In a grassland or chapparal biome (as well as some others), periodic burning occurs as a natural and necessary catastrophe. The fire spreads all across the ecosystem, killing almost everything in its path (animals usually escape by burrowing underground or crossing over and edge). As a result, the growth of shrubbery is curtailed, and further evolution of the ecosystem is prevented; trees will not crowd out the grasses and bushes (and thus change the ecosystem into a forest). In addition, the burning rejuvenates the fertility of the soil.

Since the dawn of ecological engineering, humans have regulated this periodic burning. On a wildlife reserve or national park composed of grassland territory, humans torch the land every few years by a very complex and somewhat dangerous process.

First, two concentric ditches are dug around the territory to be burned. There is to be no life whatsoever in these ditches; when the fire reaches a ditch, there must be nothing left to burn, or it will rage on out of control. The patch of land between the two ditches is then burned as a safety precaution; the dead, unburnable land here will further enforce the purpose of the dead land in the ditches. Anything within the burned territory that should not be burned (such as a windmill) is surrounded by a similar ditch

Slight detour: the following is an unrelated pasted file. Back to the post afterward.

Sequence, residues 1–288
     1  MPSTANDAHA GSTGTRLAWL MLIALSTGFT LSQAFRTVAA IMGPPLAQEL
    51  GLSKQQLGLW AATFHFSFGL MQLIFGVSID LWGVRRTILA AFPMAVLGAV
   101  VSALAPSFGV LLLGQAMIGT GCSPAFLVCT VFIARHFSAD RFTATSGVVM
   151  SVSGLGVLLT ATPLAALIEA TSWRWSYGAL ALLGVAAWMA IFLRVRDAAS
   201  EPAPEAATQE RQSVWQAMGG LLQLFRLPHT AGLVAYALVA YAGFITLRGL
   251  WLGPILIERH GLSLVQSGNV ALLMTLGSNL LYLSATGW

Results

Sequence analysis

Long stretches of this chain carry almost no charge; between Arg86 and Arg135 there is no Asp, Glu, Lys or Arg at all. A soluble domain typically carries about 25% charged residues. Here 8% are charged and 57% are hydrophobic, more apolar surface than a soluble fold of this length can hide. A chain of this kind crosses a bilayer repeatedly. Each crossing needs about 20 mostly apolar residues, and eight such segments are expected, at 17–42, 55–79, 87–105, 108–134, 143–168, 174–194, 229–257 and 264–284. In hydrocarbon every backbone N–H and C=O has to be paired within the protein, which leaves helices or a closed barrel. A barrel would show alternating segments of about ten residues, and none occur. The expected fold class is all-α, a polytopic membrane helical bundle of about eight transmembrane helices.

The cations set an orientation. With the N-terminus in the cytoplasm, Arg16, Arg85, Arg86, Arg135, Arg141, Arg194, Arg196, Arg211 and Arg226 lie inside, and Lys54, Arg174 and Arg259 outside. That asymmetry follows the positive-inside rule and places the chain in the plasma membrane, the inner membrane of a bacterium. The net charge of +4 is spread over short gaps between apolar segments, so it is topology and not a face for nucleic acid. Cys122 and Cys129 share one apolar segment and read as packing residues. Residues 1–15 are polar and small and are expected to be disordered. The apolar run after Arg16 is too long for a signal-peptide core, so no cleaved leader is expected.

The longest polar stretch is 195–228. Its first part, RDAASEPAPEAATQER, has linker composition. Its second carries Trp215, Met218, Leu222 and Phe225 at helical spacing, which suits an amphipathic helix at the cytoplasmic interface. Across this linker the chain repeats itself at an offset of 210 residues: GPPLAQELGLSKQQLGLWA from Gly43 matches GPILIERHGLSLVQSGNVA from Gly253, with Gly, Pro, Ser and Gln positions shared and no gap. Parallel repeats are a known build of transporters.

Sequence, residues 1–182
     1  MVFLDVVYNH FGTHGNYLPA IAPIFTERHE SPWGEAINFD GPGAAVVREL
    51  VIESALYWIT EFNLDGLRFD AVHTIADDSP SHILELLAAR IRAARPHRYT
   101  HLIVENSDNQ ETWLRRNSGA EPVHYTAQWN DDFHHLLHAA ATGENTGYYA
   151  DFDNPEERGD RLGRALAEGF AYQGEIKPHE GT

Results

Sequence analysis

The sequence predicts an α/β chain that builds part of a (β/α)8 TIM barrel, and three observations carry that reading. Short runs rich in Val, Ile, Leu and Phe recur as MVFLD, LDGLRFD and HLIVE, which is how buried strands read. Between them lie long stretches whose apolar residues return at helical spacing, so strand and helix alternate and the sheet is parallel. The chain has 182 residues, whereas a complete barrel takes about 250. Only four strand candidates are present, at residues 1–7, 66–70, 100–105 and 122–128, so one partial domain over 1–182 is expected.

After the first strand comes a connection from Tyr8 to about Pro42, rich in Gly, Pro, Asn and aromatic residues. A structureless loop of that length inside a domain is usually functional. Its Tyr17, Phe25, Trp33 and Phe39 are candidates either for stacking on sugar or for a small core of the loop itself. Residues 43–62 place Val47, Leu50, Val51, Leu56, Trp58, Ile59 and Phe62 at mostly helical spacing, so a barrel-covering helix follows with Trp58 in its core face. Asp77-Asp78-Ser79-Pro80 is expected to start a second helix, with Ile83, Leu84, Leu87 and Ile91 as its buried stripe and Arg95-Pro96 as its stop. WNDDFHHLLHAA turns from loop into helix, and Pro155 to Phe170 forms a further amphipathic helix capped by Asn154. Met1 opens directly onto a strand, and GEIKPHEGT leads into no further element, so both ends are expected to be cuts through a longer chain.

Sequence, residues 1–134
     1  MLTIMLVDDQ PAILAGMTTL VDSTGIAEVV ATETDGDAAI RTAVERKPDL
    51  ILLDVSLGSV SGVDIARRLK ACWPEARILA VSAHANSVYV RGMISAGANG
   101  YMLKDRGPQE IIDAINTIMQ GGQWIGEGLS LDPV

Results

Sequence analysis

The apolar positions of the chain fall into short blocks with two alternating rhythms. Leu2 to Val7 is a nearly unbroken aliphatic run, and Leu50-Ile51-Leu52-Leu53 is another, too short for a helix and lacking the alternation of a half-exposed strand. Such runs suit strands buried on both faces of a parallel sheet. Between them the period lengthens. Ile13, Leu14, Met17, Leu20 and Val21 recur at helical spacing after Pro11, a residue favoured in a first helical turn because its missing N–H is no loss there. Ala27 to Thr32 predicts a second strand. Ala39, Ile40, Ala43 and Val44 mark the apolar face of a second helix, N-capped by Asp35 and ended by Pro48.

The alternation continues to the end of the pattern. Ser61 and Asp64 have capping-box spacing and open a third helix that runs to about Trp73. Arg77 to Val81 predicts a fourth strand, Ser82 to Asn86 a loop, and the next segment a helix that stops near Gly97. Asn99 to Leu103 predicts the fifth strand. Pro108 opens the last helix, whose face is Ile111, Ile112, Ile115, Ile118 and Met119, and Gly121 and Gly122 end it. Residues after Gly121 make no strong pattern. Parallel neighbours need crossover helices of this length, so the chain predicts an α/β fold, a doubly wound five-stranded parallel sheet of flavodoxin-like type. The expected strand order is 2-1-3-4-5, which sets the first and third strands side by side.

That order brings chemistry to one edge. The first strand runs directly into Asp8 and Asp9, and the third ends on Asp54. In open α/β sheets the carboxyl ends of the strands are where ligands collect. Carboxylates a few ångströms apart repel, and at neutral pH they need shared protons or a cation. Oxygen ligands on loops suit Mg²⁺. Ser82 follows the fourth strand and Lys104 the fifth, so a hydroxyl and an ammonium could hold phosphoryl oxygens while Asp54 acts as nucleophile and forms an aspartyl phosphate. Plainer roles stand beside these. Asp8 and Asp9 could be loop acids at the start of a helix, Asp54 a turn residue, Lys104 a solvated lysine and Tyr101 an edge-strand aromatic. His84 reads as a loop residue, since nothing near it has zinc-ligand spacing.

When the weather becomes favorable, the ecologists will begin the actual burning. Once the fire is set, it will be carried by the wind across all the land marked for destruction. As another safety precaution, a backfire is set before the main burning actually begins. The backfire is a wave of flame at the end of the burning range that travels against the wind. The headfire will stop upon impact with the backfire; thus the backfire is a method of control.

Once the headfire is set, it is quickly boosted by the wind, and the whole area goes up in flames. By the time it hits the backfire, the land is completely scorched, and the burn is complete.

The burns are much easier to conduct safely in the winter than in the summer; the summer heat and dryness contribute to the strength of the fire, making it more difficult to control. However, summer burns are more effective than winter burns for the same reason.

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